Online tutorials are:
- Asynchronous --Can watch them at any time, but it's also easy for users to be distracted.
- Broadcast--Less interactive than face to face.
- Responsive & Scalable-- Many can do it at the same time or when it's convenient.
- A multimedia experience.
- effective for multiple learning styles.
Tutorials are most effective for:
- Chunks of info (they can't be exhaustive).
- Reaching a large or distant group.
- Encouraging multiple ways of learning.
- Tasks, processes or steps, not broad concepts.
Best practices for online tutorials
- Look at it through a local lens.
- Plan design before you do it. Design should be transparent--be clear about audience, outcomes, content (concept may need to be broken into several videos)
- Visual piece has to be engaging--think visually so users will be engaged mentally.
- Make content interactive--include things like quizzes.
- Break up content into chunks.
- No more than five minutes, tops --2-3 minutes is better.
- Do storyboarding ahead of time--50% scripting, 50% production.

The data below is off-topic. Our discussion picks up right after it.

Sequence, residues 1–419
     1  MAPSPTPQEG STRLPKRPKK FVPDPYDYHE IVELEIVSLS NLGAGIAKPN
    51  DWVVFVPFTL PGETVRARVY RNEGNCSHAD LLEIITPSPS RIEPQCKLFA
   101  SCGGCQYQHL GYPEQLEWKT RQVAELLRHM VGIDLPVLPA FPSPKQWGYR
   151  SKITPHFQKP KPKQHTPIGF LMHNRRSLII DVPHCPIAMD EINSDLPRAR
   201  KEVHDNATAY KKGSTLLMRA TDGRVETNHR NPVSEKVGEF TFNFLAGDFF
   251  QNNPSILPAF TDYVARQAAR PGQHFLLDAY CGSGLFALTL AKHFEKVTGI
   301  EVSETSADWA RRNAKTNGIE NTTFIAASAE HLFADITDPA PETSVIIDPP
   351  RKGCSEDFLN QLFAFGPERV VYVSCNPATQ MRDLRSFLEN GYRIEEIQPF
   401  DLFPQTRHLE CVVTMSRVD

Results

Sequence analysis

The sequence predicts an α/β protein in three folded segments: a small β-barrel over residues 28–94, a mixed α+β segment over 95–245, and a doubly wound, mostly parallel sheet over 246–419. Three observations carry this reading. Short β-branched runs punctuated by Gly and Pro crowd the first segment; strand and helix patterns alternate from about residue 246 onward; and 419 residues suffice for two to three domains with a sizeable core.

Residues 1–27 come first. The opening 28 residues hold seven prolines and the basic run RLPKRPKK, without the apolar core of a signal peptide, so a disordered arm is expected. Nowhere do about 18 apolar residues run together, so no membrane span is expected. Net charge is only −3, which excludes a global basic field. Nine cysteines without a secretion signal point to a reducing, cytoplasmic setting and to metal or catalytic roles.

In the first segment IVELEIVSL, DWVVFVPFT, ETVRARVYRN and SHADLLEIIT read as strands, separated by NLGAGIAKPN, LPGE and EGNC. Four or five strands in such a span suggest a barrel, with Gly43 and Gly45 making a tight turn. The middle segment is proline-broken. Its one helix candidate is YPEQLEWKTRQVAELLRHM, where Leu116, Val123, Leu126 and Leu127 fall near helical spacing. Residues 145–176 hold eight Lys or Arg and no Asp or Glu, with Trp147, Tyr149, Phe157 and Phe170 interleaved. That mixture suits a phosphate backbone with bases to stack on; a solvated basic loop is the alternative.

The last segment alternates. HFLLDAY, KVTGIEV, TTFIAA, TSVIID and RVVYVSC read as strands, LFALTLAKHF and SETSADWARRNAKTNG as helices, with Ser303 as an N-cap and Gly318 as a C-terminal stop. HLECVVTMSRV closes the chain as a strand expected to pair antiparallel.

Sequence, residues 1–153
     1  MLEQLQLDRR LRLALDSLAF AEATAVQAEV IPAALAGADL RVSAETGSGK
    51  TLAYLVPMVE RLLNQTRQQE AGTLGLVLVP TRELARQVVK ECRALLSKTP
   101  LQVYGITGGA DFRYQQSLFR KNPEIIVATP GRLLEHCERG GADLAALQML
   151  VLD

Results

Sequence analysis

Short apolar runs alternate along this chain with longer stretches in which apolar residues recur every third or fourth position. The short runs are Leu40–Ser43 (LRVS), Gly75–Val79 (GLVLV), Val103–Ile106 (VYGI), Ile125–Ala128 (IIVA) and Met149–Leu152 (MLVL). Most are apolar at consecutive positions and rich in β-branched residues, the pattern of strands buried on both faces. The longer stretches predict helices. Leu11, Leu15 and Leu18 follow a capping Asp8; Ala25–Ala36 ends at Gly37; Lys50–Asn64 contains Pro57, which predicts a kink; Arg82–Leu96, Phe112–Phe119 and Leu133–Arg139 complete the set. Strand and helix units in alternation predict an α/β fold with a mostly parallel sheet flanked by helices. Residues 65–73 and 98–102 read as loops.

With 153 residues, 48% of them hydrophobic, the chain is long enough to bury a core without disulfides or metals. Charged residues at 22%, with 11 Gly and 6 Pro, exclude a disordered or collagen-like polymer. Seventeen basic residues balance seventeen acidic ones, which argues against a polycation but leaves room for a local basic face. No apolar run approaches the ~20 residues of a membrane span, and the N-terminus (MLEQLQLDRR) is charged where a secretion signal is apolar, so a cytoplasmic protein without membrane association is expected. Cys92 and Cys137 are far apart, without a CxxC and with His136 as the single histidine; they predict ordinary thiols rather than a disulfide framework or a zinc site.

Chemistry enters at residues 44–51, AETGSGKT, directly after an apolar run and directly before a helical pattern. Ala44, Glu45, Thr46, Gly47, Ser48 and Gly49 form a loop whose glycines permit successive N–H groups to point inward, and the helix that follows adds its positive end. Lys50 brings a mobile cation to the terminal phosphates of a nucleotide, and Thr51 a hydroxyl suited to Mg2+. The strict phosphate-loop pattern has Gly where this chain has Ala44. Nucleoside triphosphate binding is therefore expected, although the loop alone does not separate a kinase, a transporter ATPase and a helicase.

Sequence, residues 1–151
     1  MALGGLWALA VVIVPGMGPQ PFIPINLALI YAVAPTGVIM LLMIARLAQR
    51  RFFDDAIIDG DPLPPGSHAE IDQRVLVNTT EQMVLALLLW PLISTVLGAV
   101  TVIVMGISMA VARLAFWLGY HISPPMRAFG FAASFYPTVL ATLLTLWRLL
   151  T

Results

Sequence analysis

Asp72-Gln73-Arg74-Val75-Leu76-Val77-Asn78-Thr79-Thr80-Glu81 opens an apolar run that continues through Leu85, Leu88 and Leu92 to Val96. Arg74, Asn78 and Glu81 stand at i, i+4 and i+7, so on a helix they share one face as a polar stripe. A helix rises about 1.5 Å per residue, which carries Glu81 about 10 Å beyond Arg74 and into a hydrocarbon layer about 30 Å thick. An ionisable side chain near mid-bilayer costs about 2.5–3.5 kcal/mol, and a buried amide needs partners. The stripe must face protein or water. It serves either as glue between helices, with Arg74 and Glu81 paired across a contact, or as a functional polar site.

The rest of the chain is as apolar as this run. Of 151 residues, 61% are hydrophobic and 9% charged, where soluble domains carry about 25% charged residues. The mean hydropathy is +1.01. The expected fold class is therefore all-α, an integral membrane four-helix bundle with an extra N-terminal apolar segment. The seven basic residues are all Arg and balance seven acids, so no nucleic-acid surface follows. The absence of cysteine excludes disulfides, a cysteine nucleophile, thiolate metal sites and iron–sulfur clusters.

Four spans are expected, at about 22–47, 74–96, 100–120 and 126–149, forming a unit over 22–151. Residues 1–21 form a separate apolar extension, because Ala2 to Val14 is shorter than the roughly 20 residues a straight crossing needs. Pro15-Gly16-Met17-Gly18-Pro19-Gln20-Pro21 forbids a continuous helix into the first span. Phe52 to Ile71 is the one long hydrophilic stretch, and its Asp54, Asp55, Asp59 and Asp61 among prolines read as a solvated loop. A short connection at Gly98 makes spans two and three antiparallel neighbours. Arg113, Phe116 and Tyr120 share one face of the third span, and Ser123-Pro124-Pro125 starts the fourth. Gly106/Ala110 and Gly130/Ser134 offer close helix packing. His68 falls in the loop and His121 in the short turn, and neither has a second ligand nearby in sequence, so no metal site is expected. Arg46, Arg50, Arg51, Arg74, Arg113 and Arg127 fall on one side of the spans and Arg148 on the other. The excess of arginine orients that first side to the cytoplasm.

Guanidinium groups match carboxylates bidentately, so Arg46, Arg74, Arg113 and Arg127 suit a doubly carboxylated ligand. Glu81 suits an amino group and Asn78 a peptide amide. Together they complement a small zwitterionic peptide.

- Use editing tools to make it more dynamic (this is an advantage Captivate, Camtasia or Screenflow has over free software)
- Everything should be consistent-- same shape of window, file type, text, contact info, and intro screen.
- Record short clips --stop any time you click a link or go to a page--that way you don't have to redo the whole thing if you mess up.
There are many free screencasting options available such as Screentoaster, Screencast-o-matic, Jing, Wink and Camstudio. They don't have editing options, but you could edit the screencasts later in another program like iMovie or Windows Movie Maker. For free public domain music check out the Internet Archive or Jamendo.
For hearing impaired patrons, Camtasia & Captivate can have closed captioning.
Handouts for the presentation are available here.